Melanoma is a serious form of skin cancer.
Melanoma symptoms can be subtle and difficult to differentiate from moles. Melanoma is a type of cancer that most commonly affects areas of the skin frequently exposed to ultraviolet radiation, such as the neck, legs, face and torso. While it tends to form tumors in the skin, melanoma is known for its tendency to metastatize, or spread, to other organs and areas of the body, in particular the lymph nodes, brain and lungs. Although it is much rarer than basal and squamous cell carcinomas, melanoma is far more dangerous and causes more deaths per year than any other kind of skin cancer.
Unlike other types of cancer, melanoma affects special skin cells called melanocytes. Located in the top layer of the skin, or epidermis, these cells produce a pigment called melanin that gives skin its color. When these cells become cancerous, they form tumors that appear as dark spots on or beneath the skin's surface. Because these tumors often look like moles, it can be difficult to know whether they're dangerous. To help people determine if their moles might in fact be malignant melanomas, the American Academy of Dermatology developed a simple test known as the A-B-C-D-E Guide, which stands for asymmetrical, borders, colors, diameters and evolving. According to the guide, look for the following during self-examination:
Although the guide is only a rough indicator of potential melanoma, it is extremely easy to use and works for people of all ages. Other warning signs that a mole may contain melanoma are itchiness, scaliness, hardness, oozing and bleeding. Anyone presenting any of these symptoms should see a general practitioner or dermatologist for further diagnosis and potential treatment.
Although most melanomas occur in the top layer of skin, some occur in other parts of the body that also contain melaoncytes. According to the Mayo Clinic, these hidden melanomas most commonly occur in the eye, digestive tract, mouth and vagina, as well as beneath the fingernails.
Melanoma of the eye, also known as ocular melanoma, usually appears in either the retina, the inner lining of the eyelid or the pigmented tissue within the eyeball. Because of its location deep within the eye, retinal melanoma is difficult to detect and typically goes unnoticed until the patient undergoes an eye exam. The other two eye cancers, however, cause noticeable symptoms, including itchiness and dark spots in the field of vision, and are thus easier to detect.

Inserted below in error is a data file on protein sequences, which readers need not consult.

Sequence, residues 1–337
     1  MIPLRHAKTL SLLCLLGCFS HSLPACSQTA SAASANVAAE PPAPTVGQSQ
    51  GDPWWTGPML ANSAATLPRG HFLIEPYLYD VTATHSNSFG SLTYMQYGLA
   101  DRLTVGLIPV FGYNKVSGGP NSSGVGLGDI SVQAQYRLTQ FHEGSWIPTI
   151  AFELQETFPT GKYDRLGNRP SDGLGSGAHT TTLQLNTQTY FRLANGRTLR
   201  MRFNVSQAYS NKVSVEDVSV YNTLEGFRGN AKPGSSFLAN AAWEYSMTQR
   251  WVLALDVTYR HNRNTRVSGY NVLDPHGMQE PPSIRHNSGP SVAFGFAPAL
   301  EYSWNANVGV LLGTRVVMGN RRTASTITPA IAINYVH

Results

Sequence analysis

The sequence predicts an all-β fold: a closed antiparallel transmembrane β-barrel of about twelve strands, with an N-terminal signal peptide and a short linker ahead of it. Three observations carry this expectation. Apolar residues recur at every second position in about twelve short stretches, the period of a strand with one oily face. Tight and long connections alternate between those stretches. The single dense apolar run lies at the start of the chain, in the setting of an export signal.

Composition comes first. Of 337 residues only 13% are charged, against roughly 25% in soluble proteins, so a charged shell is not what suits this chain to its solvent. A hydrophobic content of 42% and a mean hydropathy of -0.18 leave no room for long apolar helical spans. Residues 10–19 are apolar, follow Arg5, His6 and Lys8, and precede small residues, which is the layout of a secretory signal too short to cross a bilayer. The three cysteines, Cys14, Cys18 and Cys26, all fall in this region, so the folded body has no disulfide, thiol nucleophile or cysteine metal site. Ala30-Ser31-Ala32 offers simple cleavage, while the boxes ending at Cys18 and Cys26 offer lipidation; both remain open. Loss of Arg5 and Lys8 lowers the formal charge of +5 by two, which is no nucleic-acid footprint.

Melanomas growing in mucous membranes and the skin beneath fingernails often cause symptoms similar to other diseases and conditions. For example, a dark melanoma under a fingernail may appear to be a simple bruise or blood blister, while a melanoma in either the digestive or female genital tract may produce itchiness and bleeding, symptoms commonly associated with both hemorrhoids and yeast infections. Regular physical exams can help detect these internal melanomas before they become life-threatening.
Skin cancer is the most common of all cancers in the United States, accounting for an estimated half of all cancers diagnosed each year. However, melanoma is extremely rare, accounting for only 5 percent of all skin cancer cases. Nevertheless, according to the American Cancer Society (ACS), of the nearly 63,000 people that will be diagnosed with melanoma in 2008, approximately 8,500 will die as a result of the cancer, a frightening statistic that gives scale to the magnitude of the disease.
Worth noting, however, is the fact that likelihood of developing melanoma varies with ethnicity -- the ACS estimates that 2 percent of whites, 0.1 percent of African Americans and 0.05 percent of Hispanics will develop the cancer sometime in their lives. Although the higher level of melanin in their skin protects African Americans and Hispanics against developing melanoma to a degree, they are especially vulnerable to tumors that form on the soles of their feet and the skin beneath their nails. In fact, melanomas forming on these areas account for nearly half of all melanomas in African Americans, while they only account for 10 percent of the cancer in whites. Regardless of ethnicity, the best way for a person to lower their risk of developing melanoma is by protecting their body from strong sunlight and other forms of UV radiation.